Aimo Lahti was born 118 years ago today in Viiala, Finland. He was the greatest gun designer in Finnish history, which makes him a big frog in a pretty small pond. But he was influential far beyond the borders of his Scandinavian homeland.
As a Finnish biography by Simo Kärävä says:
Asesuunnittelija Aimo Johannes Lahti (28.4.1896 Akaan Viiala – 19.4.1970 Jyväskylä), jonka suunnittelemat aseet tulivat 1930-luvun sotilaille ja suojeluskuntalaisille sekä sotiemme veteraaneille tutuiksi usein toistuneen koura- ja olkatuntuman kautta, on jäänyt ihmeteltävän vähälle huomiolle sotia ja puolustusvoimia käsittelevässä kirjallisuudessa sekä tämän vuoksi myös melko tuntemattomaksi muille suomalaisille, sotilaita ja aseharrastajia lukuun ottamatta.
via Aimo Lahti.
Yeah, that. There’s really no run-on sentence like a run-on sentence in Finnish. Anyway, Aimo is little known in the Anglosphere, but his name rings a bell because two of his best-known guns bore his own name: the Lahti M/35 automatic pistol (also adopted in Denmark and in Sweden as the M/40) which combined the natural-pointing grip angle of the Luger with a completely different mechanism, and the Lahti M/39 semiautomatic antitank rifle, advertised for years in the pages of American Rifleman and other 1960s gun magazines. The M/39 was the object of every boy’s envy, later, even if by 1939 it was already marginal medicine on tanks. Lahti would use the same basic mechanism in the beefier VKT 40 anti-aircraft gun, usually seen as a twin mount.
He also co-designed the standard Finnish light machine gun of the Winter and Continuation Wars, the Lahti-Saloranta L/S 26. (It would be replaced by Russian DP LMGs which were captured in vast quantities). He was also responsible for some of the Finnish improvements to the Mosin-Nagant rifle, and for a modified Maxim for aerial and AA use called the VKT. All in all he designed over 50 weapons, counting designs like the M/27 rifle (a modified Mosin).
Lahti’s most influential gun did not bear his name at all. It was the Machine Pistol (“Konepistooli” or KP) 31, the famous “Suomi” (a word which just means “Finland.”) While by 1931 this submachine gun was not entirely revolutionary, we need to bear in mind that the 1931 model was an update of a 1926 model, which in turn was an update of a 1922 run of prototypes. That makes the Suomi, for all intents and purposes, a contemporary of the early Thompson, yielding primacy only to the Thompson and the German MP18.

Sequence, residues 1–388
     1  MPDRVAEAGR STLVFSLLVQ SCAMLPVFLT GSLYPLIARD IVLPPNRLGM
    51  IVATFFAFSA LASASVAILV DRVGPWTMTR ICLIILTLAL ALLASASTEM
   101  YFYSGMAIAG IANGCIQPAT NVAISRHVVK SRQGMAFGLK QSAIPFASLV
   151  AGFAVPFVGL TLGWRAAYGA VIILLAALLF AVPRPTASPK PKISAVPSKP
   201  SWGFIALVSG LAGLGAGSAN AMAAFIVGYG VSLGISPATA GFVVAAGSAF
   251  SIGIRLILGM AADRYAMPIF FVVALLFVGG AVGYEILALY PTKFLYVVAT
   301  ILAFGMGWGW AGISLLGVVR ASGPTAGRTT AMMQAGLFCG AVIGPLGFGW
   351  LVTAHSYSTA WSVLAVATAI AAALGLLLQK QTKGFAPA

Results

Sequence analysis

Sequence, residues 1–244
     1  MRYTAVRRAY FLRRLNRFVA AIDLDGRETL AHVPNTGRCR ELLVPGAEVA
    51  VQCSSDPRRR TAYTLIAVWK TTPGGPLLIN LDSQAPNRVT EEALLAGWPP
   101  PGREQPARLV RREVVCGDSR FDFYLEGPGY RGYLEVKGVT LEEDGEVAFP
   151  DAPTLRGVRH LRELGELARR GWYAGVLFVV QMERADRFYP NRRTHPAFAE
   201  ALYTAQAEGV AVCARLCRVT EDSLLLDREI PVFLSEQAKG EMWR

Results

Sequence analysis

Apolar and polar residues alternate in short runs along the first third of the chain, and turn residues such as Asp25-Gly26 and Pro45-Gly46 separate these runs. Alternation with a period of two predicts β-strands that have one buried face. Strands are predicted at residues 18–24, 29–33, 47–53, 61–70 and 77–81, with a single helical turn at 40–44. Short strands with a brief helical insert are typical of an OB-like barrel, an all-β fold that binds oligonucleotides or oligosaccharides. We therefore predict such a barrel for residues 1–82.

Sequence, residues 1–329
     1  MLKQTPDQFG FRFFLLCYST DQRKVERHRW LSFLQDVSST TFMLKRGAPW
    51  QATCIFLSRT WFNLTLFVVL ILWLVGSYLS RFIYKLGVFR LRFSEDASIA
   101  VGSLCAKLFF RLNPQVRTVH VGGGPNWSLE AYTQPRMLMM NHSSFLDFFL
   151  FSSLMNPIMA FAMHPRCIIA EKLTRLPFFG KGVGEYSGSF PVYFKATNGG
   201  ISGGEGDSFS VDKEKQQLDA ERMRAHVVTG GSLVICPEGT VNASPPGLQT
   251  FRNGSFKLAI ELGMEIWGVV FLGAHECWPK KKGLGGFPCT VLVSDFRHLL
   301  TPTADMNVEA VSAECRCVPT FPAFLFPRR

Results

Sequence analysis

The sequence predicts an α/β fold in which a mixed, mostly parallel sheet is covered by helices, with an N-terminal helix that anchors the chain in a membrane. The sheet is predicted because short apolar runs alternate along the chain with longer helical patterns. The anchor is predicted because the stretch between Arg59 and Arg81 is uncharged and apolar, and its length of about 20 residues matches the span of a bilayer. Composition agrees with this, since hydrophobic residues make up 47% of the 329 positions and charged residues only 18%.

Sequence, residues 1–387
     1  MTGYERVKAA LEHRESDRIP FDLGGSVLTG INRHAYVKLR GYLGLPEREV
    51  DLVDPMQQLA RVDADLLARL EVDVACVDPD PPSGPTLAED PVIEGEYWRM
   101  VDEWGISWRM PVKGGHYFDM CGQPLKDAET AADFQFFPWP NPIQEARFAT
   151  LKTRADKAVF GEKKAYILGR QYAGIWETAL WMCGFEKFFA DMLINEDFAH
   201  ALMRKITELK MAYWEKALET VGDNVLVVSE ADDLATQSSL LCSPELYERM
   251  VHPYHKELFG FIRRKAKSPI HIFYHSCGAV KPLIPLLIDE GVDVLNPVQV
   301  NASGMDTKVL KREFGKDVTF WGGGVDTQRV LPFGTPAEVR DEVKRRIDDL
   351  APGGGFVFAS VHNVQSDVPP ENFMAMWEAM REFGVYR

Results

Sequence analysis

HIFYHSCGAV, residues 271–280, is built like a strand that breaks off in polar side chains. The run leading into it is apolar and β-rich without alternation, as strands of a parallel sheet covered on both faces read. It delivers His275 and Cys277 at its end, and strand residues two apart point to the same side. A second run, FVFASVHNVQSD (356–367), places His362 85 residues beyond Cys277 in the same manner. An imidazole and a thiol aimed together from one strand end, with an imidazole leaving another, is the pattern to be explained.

Like those guns, the Suomi featured sturdy, machined parts and a wooden stock and was very heavy, especially with a loaded drum magazine. The first Suomi drum was unreliable; it was replaced, while a new drum was being designed, by the four-column “casket” mag, that squeezed the four columns down to a single feeding position. The casket mag was a Suomi original that has echoes today in some Russian designs and the Surefire 60- and 100-round magazines.
The Russian submachine guns of the mid-20th Century all owed a great deal to the Suomi design. The PPSh drum is a rather direct copy of the second, reliable Suomi design and shares its 71-round capacity. The Soviet designers were never slow to adapt a foreign idea that could be turned to Soviet military purposes.
Sweden, which built Suomis under license, used the Suomi mags as the feed system for their indigenous submachine gun, the M45 Carl Gustav (and M45 “Swedish K” mags work in a Suomi). But that’s another post.
After the Continuation War ended in 1944, Finland was occupied by a Soviet-dominated Allied Control Commission (there were a couple of token Brits) and by Finnish communist quislings who had been indoctrinated for years in the USSR and were determined to bring the joys of the Russian Revolution to Finland. However, the Finns had hidden tens of thousands of arms, and the thought of the whole nation rising in guerrilla warfare terrified the Soviets a little and their puppets a lot. The Finnish communists reinvented themselves as a political party, competing at the ballet box, and their secret police withered away when their Soviet puppetmasters withdrew.
The spiteful Soviets, whose troops had been shot full of holes by many Lahti designs, demanded that that the Finn retire from arms design, and he did, living on a pension until 1970. His only child became a Finnish Air Force aviator and perished during the Continuation War.
There is a biography of Lahti, Aimo Lahti: Finnish Weapons Designer by Maire Vaajakallio, but it is, alas, only available in the Finnish language.